All students must have the opportunities and resources to develop the language skills they need to pursue life’s goals and to participate fully as informed, productive members of society.
These standards assume that literacy growth begins before children enter school as they experience and experiment with literacy activities—reading and writing, and associating spoken words with their graphic representations.
They encourage the development of curriculum and instruction that make productive use of the emerging literacy abilities that children bring to school.
These standards provide ample room for the innovation and creativity essential to teaching and learning.
They are not prescriptions for particular curriculum or instruction.
These standards are interrelated and should be considered as a whole, not as distinct and separable.
Students read a wide range of print and non-print texts to build an understanding of texts, of themselves, and of the cultures of the United States and the world; to acquire new information; to respond to the needs and demands of society and the workplace; and for personal fulfillment. Among these texts are fiction and nonfiction, classic and contemporary works.
Students read a wide range of literature from many periods in many genres to build an understanding of the many dimensions (e.g., philosophical, ethical, aesthetic) of human experience.
Students apply a wide range of strategies to comprehend, interpret, evaluate, and appreciate texts. They draw on their prior experience, their interactions with other readers and writers, their knowledge of word meaning and of other texts, their word identification strategies, and their understanding of textual features (e.g., sound-letter correspondence, sentence structure, context, graphics).
Students adjust their use of spoken, written, and visual language (e.g., conventions, style, vocabulary) to communicate effectively with a variety of audiences and for different purposes.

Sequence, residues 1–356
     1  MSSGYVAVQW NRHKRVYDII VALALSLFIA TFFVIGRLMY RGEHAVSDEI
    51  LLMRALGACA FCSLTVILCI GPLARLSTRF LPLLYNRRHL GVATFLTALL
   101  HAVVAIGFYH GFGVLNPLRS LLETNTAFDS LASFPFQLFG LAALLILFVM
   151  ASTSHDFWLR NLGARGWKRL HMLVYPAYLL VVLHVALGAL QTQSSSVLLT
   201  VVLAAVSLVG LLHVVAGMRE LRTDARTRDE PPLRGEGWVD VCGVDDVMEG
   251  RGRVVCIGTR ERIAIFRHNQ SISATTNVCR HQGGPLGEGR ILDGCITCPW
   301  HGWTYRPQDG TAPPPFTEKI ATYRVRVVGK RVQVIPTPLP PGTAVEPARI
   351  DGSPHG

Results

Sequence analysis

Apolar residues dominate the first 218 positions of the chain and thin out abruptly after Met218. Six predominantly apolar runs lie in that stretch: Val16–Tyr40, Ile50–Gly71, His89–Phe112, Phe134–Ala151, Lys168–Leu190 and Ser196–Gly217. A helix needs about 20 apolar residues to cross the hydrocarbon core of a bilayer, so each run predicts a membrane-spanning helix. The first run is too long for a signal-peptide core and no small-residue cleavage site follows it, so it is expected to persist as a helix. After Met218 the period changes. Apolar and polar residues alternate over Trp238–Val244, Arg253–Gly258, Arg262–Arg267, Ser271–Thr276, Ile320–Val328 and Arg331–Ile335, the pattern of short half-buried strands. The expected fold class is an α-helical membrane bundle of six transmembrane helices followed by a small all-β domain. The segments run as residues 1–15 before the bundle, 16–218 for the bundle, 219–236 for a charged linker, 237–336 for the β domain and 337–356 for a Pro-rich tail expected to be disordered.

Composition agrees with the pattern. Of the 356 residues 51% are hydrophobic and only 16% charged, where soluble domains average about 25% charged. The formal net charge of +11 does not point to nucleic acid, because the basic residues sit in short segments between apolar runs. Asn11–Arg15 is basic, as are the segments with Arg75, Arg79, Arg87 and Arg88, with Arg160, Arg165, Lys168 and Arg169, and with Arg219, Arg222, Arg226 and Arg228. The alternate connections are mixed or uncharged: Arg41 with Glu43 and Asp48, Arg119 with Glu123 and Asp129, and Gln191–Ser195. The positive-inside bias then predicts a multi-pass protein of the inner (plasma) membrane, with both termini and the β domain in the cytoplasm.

Students employ a wide range of strategies as they write and use different writing process elements appropriately to communicate with different audiences for a variety of purposes.
Students apply knowledge of language structure, language conventions (e.g., spelling and punctuation), media techniques, figurative language, and genre to create, critique, and discuss print and non-print texts.
Students conduct research on issues and interests by generating ideas and questions, and by posing problems. They gather, evaluate, and synthesize data from a variety of sources (e.g., print and non-print texts, artifacts, people) to communicate their discoveries in ways that suit their purpose and audience.
Students use a variety of technological and information resources (e.g., libraries, databases, computer networks, video) to gather and synthesize information and to create and communicate knowledge.
Students develop an understanding of and respect for diversity in language use, patterns, and dialects across cultures, ethnic groups, geographic regions, and social roles.
Students whose first language is not English make use of their first language to develop competency in the English language arts and to develop understanding of content across the curriculum.
Students participate as knowledgeable, reflective, creative, and critical members of a variety of literacy communities.
Students use spoken, written, and visual language to accomplish their own purposes (e.g., for learning, enjoyment, persuasion, and the exchange of information).